Searchers Set Traps, Hoping to Catch Lion-like Animal in Milwaukee
The consensus is that Milwaukee's elusive animal is someone’s exotic pet, according to Karen Sparapani, executive director of the Milwaukee Area Domestic Animal Control Commission.
Her goal is to capture, not kill the big cat several people have reported seeing on the city's north side since last week.
Sparapani says such cases are not unusual. "In communities all over the country, there are people with exotic animals that get in over their head," she says. "Most of the exotics we deal with here in Milwaukee are reptiles, crocodiles, big boa constrictors, but big cats are a problem in areas, especially in a state like ours, where there are no regulations or rules on how to keep the animals, and they are easy to import."
She says, generally, owners who realize they can can no longer care for their wild pets summon law enforcement to remove them.
The animal's behavior in Milwaukee is what has led Sparapani to conclude that it is someone's exotic pet. It does not seem to have moved much.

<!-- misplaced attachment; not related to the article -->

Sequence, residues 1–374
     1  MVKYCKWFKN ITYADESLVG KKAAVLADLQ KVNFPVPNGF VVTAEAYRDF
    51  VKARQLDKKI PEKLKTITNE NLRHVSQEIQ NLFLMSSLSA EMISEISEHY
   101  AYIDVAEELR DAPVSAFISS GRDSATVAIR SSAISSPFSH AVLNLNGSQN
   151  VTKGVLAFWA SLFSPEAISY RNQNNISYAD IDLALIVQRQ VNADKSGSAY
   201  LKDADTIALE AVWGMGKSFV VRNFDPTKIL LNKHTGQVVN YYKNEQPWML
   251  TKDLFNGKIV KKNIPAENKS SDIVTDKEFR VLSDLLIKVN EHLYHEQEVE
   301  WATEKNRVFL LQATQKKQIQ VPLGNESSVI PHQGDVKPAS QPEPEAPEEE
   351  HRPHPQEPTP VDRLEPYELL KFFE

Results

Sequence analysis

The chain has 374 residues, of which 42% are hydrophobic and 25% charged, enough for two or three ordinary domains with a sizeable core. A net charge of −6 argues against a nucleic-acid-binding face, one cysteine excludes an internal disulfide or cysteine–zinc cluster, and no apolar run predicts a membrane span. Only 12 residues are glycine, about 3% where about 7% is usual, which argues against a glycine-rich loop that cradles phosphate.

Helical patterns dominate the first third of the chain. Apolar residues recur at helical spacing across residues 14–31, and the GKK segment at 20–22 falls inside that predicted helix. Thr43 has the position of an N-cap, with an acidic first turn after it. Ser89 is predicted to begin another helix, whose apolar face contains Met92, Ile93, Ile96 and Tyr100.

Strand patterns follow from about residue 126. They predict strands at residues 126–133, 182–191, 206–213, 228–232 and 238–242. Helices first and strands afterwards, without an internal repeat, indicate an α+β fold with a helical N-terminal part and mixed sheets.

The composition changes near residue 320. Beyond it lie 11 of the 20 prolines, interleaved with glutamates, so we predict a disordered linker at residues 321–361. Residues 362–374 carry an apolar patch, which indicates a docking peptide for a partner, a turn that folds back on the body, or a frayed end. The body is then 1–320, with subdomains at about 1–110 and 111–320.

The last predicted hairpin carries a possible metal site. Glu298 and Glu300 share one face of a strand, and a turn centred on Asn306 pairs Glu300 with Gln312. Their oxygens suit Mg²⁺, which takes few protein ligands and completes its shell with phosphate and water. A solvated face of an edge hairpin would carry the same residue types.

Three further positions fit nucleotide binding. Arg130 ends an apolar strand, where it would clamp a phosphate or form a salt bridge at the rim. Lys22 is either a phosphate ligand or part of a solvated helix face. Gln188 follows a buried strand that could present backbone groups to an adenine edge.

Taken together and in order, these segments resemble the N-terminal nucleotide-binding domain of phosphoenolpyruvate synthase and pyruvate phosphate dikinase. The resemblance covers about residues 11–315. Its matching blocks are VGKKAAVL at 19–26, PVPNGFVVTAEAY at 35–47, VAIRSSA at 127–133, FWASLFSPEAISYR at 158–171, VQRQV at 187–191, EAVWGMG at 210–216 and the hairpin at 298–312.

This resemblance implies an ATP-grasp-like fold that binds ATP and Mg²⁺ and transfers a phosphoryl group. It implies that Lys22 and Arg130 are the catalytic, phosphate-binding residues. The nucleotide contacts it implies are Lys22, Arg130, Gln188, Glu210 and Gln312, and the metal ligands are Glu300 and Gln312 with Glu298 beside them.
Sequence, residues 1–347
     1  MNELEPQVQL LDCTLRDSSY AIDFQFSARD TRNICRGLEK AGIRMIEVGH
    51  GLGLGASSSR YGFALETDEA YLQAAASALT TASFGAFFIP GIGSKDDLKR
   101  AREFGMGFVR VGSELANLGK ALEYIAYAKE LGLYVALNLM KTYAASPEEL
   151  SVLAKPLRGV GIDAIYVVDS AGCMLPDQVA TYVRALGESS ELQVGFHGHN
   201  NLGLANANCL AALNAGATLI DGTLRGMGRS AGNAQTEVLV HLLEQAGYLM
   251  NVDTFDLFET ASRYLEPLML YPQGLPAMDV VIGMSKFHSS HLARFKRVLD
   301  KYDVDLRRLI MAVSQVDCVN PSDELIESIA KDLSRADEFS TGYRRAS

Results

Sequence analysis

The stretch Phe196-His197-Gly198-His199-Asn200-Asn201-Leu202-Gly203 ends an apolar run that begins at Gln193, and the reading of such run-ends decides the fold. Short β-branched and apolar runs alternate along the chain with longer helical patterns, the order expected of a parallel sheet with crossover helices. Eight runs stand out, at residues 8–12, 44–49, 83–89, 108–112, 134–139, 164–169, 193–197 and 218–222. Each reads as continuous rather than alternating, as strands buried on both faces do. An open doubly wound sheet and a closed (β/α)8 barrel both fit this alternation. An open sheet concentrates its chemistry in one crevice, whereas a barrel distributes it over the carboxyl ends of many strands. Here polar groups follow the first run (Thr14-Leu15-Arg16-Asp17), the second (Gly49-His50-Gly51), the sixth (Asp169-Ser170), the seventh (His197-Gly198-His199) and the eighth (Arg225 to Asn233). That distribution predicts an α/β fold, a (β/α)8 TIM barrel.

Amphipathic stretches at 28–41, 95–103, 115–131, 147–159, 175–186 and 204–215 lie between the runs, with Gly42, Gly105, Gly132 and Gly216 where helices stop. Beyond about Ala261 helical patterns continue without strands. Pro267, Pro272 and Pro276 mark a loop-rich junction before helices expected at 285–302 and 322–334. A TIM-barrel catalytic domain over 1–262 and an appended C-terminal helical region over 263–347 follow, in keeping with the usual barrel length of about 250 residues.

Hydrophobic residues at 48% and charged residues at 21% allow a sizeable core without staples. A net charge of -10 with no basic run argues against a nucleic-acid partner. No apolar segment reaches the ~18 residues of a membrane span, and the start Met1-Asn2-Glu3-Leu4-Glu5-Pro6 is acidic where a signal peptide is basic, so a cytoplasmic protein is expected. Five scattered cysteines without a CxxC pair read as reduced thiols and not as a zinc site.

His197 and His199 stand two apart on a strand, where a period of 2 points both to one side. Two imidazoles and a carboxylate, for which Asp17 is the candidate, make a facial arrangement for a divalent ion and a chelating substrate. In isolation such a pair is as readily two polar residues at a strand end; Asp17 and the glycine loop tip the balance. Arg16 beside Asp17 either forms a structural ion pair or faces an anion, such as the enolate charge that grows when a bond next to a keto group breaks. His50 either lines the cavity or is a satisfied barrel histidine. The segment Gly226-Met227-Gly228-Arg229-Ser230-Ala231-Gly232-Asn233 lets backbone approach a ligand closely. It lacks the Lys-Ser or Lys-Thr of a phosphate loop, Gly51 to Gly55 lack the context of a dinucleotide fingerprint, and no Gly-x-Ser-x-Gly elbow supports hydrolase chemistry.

"They are behaving like an animal that has not lived in the wild. It's setting up in one area, it's hiding, it's in an area where it can hide well. The brush is there is super thick; there is fresh running water," Sparapani says.
There is also abundant wildlife in the ravine, such as coyotes, ducks and rabbits.
As for the traps Sparapani's group is providing, she describes them as large cages with a door that will shut once an animal enters. They are live traps and will not harm wildlife, and workers can remove any other animals that become trapped. The bait is human food because Sparapani believes the animal has probably been treated as a big house cat and is used to being fed by humans.
So far, the only casualty of the lion saga in Milwaukee is the dog a frightened person shot in the leg.